UniversityGoing boldly into the future with DLSU Job Expo 2019
Going boldly into the future with DLSU Job Expo 2019
February 10, 2019
February 10, 2019

The Office of Counseling and Career Services (OCCS), together with partner companies and government agencies, held the DLSU Job Expo 2019 last February 4 and February 6 to 9 at the Cory Aquino Democratic Space.

With the theme Go Boldly Into The Future, the week-long event showcased career opportunities to senior high school, undergraduate, graduate students; and DLSU alumni. In an interview with The LaSallian, OCCS Job Placement Coordinator Marissa Pascual gave a closer look into the event.


Bigger, better, bolder

“We [normally] think of job expos as just [for] jobs, so it seems like it is relevant only for graduating students or alumni,” Pascual narrated. This year’s job expo went far beyond employment, as it integrated a student’s entire career roadmap. Pascual mentioned that OCCS “wants everyone to be aware of their career landscape and what’s being offered so that [they] can have a career roadmap on different levels.”

Aside from job offers, internship opportunities were also found in the fair. Pascual clarified that internships are not included in the scope of OCCS. However, the office recognized the importance of practicum to a student’s career development and later decided to welcome such programs.

Chloe Caceres (Grade 12, STEM) said that she registered in the event because she wanted to explore job opportunities available to her as early as senior high school. Meanwhile, Kristen Gaurino (Grade 12, HUMMS) also articulated that she is “looking for opportunities that can expose her to the college degree program” she would eventually apply into.



Over 182 companies participated in this year’s job expo, according to Pascual. She revealed that the previous fair held last February 2018 only had approximately 172 partner companies. “We gathered the most [this year], as far as history is concerned,” Pascual pointed out.

Further, there were also talks held during the five-day job expo. Pascual said that particularly for their diamond and gold partners, time was allotted for companies to host talks and introduce students to their respective organizations.

The companies talked about their values, mission and vision, and services. She added that there were also events where companies challenged students with case studies. Companies like JP Morgan Chase & Co., Land Bank of the Philippines, and MSCI “gave scenarios and asked Lasallians to use their critical thinking, problem-solving, and presentation skills,” Pascual cited.  



Preparing for employment

Pascual emphasized that during the job expo, students had face-to-face conversations with the company representatives. “It’s not just purely dropping resumes and nothing happens. I saw that there were a lot of conversations going on,” she added.

Students were free to register and visit different booths around the Cory Aquino Democratic Space. Company representatives introduced their organizations and handed out brochures or presented their company videos.

Alex Simeon (AB-CAM, ‘18) shared, “It was an interesting experience to be able to get a feel of what happens at job expos in general. It is also helpful that we get to talk to the representatives of the companies face-to-face so we could understand more what they’re looking for and discuss the job details specifically, instead of just sending inquiries for the positions online.”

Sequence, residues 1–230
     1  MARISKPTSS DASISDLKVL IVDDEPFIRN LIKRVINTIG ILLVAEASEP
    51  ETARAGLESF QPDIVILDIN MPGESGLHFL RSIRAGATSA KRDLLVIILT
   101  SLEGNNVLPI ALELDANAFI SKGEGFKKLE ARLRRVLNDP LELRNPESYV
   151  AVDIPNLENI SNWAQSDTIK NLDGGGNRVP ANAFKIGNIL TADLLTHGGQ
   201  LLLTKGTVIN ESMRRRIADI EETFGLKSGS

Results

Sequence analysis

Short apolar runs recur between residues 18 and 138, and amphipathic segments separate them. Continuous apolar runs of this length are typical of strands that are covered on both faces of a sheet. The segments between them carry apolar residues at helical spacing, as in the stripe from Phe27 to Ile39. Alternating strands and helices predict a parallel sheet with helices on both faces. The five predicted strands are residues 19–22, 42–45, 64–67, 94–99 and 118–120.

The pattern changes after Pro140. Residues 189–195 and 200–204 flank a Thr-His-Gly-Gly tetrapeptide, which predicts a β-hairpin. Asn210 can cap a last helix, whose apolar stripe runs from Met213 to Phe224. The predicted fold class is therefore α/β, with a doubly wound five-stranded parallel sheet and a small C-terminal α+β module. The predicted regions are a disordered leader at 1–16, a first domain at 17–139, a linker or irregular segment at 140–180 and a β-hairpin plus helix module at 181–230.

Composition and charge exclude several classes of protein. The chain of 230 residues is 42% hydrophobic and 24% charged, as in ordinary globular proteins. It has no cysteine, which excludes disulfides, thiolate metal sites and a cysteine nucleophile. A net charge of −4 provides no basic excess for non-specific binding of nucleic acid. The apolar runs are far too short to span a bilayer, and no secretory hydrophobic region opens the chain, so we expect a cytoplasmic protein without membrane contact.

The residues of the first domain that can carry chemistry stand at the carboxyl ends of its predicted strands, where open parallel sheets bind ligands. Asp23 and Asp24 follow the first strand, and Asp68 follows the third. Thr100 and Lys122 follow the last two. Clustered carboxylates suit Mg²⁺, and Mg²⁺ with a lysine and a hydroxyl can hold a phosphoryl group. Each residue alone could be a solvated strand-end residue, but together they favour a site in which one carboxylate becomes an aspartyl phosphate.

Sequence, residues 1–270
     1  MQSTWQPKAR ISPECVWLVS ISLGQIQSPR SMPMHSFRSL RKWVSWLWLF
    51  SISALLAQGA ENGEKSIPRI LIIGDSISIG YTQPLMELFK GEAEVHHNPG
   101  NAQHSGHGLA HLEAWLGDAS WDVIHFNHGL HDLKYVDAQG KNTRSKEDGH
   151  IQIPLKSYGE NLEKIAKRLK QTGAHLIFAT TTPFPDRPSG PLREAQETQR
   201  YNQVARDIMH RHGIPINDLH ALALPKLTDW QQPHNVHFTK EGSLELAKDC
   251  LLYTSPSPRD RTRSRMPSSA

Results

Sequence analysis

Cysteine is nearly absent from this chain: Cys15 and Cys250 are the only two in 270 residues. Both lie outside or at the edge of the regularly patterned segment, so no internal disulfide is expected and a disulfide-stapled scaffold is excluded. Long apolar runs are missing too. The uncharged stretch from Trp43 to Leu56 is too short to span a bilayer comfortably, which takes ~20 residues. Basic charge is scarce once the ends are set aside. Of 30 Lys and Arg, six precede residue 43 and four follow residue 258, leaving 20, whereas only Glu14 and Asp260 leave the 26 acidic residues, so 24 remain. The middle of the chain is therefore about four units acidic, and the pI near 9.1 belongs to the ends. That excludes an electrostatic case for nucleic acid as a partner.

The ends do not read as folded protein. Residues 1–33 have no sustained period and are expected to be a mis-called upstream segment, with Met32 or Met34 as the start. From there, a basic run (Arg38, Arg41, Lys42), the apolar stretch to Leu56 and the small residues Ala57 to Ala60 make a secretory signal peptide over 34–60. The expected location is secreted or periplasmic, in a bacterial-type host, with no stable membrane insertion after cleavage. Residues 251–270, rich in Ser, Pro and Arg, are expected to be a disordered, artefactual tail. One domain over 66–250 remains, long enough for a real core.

There were also on-campus interviews and exams that happened simultaneously. Pascual pointed out that OCCS had actual recruitment occur on campus to increase the chances of students being employed if they passed all the requirements.

Moreover, government booths were also present during the duration of the job expo. Services such as registration for SSS, Pag-IBIG, and Philippine Postal ID were provided to aid in the potential employment of a student.

Before the job expo, OCCS also held cover letter and resume writing workshops with Uniqlo as their partner. According to Pascual, Lasallians clamored that the DLSU resume is no longer effective. She, however, believed that there is nothing wrong with the current template; instead, she argued that it is the way students fill out the template that needs improvement.

In addition, she noticed that “Lasallians are not aware that [they] should have a cover letter with [their] resume. So there is too much attention given to [the] resume and not to the cover letter. In reality, we need to have a very good cover letter so that companies will take a look at your resume.”




Since job expos by OCCS are held biannually, students who missed the February edition can attend the next fair this coming July. “Our gold partners, diamond partners, and as well as our discounted regular partners, will be coming back in July. We will [also] add some more [companies],” she revealed.

OCCS also plans to reinforce their career development programs by ensuring holistic growth from senior high school students to graduating college students. “As early as freshmen year, we want to expose all Lasallians to the different industries,” Pascual said. She also added that this will be done through talks with invited companies and expected to commence next year.

Along with the job expos, they will also continue their resume and cover letter writing workshops with partner companies. Moreover, Pascual said that OCCS plans to develop programs that tackle corporate dressing and ethics, as well as mock interviews by colleges or industries to ensure that students are, as Pascual put it, “prepared and future-ready.”